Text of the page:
Zinnias and Red Salvia is a highly important watercolor painted in 1933 by Charles Demuth while he was living in Lancaster, Pennsylvania. Although he investigated a number of subjects in the early 1920s, including buildings, his abstract poster portraits, and still lifes, by the late 20s and early 30's, Demuth dedicated himself chiefly to still life painting alone, working for nearly six years developing his distinctive watercolor technique. His works from this period remain some of the artist's finest achievements, and firmly establish Demuth as one of America's most accomplished watercolorists.
Demuth's richly painted flowers are almost invariably common ones that might be found in any Pennsylvania garden. As Carol Troyen observes, "In most of the watercolors of the '20s, Demuth's preferred subjects were not hothouse flowers, but ordinary ones such as these, seemingly artlessly arranged in tribute to their natural beauty." To this everyday subject matter Demuth applies an innovative technique, particularly in his later still life compositions, which often revolve around his use of "negative" space. In the later works, the artist often uses the stark white of the paper, or a pale translucent wash, as a forceful element in the painting. This development departs from his earlier style of utilizing the entire surface of the watercolor paper, often painting backgrounds completely in broad washes of purple or grey. By the 1920s, Demuth began to more fully explore the spatial possibilities of his subjects, increasingly isolating fruit or flowers in his work against a white background, and relying on spare pencil lines to suggest details. In this way Demuth creates a tension between painted and unpainted elements of his still life compositions. Each work is complete (and usually signed and dated by the artist), and yet many compositional elements are themselves unfinished.
In her book on the artist, Emily Farnham discusses Demuth's experimentation with this new artistic device: "Still another factor in Demuth which seems to have affected the New Realism is his frequent use of a pristine, immaculate, antiseptic white ground. It was notably in his watercolor still lifes that he habitually placed exquisitely delineated positive objects (peaches, eggplant, striped kitchen towels) against a luminous unpainted ground. This device has reappeared during the sixties in the works of Californian [Wayne] Thiebaud, who employs pure white grounds behind relief-like human figures as means toward the psychological and technical isolation of his subjects." (Charles Demuth: Behind a Laughing Mask, Norman, Oklahoma, 1971, p. 185)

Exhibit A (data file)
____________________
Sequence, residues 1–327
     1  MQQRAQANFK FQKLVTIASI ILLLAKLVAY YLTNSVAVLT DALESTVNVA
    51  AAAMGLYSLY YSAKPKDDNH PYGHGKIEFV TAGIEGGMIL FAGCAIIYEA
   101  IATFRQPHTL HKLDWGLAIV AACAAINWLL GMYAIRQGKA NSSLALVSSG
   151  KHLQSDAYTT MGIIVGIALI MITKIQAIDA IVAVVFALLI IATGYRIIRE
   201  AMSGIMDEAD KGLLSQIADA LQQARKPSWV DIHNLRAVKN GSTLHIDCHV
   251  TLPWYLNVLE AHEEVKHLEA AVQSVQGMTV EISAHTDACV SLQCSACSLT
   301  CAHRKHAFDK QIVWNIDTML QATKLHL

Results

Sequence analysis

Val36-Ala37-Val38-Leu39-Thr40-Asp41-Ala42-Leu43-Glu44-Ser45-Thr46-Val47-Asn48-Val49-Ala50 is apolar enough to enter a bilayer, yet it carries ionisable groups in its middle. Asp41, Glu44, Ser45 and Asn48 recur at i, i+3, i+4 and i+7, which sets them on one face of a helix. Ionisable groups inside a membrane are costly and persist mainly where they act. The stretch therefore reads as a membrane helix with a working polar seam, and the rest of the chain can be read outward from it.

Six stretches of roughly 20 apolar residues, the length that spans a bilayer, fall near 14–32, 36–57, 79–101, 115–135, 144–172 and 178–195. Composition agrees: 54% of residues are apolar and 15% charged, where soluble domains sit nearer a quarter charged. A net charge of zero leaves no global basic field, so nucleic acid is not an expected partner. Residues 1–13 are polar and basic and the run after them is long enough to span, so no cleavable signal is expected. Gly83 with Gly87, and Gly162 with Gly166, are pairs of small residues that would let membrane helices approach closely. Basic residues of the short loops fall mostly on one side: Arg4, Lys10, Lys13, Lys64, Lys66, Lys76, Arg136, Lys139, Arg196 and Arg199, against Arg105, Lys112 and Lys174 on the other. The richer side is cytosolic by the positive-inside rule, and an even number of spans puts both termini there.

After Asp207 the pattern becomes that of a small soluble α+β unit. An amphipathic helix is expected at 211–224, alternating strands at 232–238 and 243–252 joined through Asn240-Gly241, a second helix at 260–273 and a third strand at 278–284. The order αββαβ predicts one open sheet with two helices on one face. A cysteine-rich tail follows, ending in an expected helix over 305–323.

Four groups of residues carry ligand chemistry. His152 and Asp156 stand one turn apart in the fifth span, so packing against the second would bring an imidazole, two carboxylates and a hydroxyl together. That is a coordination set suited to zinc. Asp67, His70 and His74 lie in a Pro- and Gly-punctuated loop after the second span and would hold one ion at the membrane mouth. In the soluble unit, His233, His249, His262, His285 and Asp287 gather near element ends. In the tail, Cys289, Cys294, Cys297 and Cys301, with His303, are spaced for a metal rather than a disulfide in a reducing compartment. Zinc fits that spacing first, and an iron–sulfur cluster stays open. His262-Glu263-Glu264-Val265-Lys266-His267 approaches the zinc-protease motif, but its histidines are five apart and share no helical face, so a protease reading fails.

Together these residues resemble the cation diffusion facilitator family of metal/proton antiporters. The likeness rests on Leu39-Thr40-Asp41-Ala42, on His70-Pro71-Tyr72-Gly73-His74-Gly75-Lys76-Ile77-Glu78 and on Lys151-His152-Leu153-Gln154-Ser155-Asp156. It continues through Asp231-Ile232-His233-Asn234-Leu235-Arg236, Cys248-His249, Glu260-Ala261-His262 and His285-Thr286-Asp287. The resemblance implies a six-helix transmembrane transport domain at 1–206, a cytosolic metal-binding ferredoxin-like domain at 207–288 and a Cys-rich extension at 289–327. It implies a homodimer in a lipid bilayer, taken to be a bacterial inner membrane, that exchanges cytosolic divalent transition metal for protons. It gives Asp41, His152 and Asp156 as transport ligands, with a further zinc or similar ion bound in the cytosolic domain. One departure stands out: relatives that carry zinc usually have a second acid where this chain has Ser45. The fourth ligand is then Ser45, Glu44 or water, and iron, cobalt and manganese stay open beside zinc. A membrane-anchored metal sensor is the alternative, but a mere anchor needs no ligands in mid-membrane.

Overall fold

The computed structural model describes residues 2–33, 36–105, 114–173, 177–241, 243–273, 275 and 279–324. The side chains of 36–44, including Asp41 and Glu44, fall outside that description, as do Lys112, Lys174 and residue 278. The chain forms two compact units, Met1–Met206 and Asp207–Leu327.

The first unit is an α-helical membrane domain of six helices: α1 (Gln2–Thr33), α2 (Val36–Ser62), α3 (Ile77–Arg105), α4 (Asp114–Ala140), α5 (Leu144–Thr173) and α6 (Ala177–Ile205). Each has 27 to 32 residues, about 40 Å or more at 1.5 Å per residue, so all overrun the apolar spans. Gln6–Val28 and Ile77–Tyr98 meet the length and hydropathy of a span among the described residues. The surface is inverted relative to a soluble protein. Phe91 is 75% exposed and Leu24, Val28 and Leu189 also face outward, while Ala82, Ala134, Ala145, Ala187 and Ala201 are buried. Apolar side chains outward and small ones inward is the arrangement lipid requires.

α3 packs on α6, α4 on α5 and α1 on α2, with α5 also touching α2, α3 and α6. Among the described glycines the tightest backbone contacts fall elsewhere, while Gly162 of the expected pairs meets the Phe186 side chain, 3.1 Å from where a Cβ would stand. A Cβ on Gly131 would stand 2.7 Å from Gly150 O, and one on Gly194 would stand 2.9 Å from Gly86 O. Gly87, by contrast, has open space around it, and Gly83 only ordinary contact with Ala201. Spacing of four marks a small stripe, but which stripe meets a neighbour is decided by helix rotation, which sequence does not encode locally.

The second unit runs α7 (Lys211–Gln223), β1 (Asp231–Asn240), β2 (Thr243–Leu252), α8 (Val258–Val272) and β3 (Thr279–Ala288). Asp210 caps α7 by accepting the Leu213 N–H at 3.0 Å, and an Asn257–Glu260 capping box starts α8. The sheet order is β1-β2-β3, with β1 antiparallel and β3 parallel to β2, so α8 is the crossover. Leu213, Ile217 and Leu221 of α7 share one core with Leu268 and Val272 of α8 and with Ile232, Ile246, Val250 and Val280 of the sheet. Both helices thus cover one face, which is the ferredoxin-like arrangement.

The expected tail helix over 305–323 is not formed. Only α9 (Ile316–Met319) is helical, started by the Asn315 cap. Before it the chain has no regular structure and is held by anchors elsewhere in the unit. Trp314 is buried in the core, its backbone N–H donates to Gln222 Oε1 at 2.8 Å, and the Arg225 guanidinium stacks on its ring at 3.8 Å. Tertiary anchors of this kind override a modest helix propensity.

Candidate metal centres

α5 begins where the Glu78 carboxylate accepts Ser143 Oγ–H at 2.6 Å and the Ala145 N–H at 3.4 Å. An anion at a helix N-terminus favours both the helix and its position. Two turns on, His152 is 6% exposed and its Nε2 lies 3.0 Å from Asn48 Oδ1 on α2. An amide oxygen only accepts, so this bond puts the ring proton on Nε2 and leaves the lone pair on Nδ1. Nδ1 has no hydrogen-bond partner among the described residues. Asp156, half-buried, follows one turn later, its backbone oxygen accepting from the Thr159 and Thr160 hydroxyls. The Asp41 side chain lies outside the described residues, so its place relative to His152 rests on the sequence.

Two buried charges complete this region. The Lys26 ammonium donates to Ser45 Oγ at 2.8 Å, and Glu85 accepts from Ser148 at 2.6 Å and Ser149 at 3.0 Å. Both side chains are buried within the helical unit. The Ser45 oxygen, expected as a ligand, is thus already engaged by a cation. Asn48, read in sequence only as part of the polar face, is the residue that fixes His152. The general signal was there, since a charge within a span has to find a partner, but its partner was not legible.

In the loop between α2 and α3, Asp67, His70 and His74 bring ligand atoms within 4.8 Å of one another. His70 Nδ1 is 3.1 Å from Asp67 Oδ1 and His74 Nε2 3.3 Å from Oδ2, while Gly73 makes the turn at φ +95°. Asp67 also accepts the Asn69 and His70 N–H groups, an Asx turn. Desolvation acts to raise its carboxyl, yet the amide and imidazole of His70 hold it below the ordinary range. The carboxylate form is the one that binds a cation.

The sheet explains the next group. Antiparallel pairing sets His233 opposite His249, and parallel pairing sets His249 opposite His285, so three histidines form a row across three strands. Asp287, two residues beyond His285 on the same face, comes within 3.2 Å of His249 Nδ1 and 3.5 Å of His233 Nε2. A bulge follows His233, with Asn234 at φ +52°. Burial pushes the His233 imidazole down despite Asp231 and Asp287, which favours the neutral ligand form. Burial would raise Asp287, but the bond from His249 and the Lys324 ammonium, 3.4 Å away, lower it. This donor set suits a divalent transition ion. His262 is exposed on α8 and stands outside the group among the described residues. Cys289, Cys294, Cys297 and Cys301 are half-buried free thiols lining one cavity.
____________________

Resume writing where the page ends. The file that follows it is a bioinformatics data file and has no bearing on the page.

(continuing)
Zinnias and Red Salvia exemplifies Demuth's progressive method, most prominently with an unpainted zinnia defined chiefly by its outline. In places he uses almost pure color, especially with the red salvia which, in visual terms, seems to vibrate on the page, creating an immediacy and beauty that were Demuth's chief aim. In 1923, for example, writing to his dealer Alfred Stieglitz, who had selected a still-life for his personal collection, Demuth cautioned against over-analysis. "I'm so glad you want the eggplant [Eggplant and Peppers, 1922, Fisk University, Nashville] I kept it here, it turned into a heart--maybe mine. Anyway, I hope no one will discover 'Art' or 'Painting' engraved on it." (Sue Reed, et al, Awash in Color, Boston, 1993, p. 211). Here, as in all of his most successful watercolors, Demuth creates a picture of vivid beauty, captured with his daring color sense, crisp draftsmanship and sure sense of pictorial space. In a tribute to the artist after his death, the critic Henry McBride acknowledged the artist's distinctive accomplishment, noting that "the proper place for a Demuth flower, I sometimes think, is in the hands of an educated gardener--one who knows what a flower is and what an artist is." (Awash in Color, p. 213).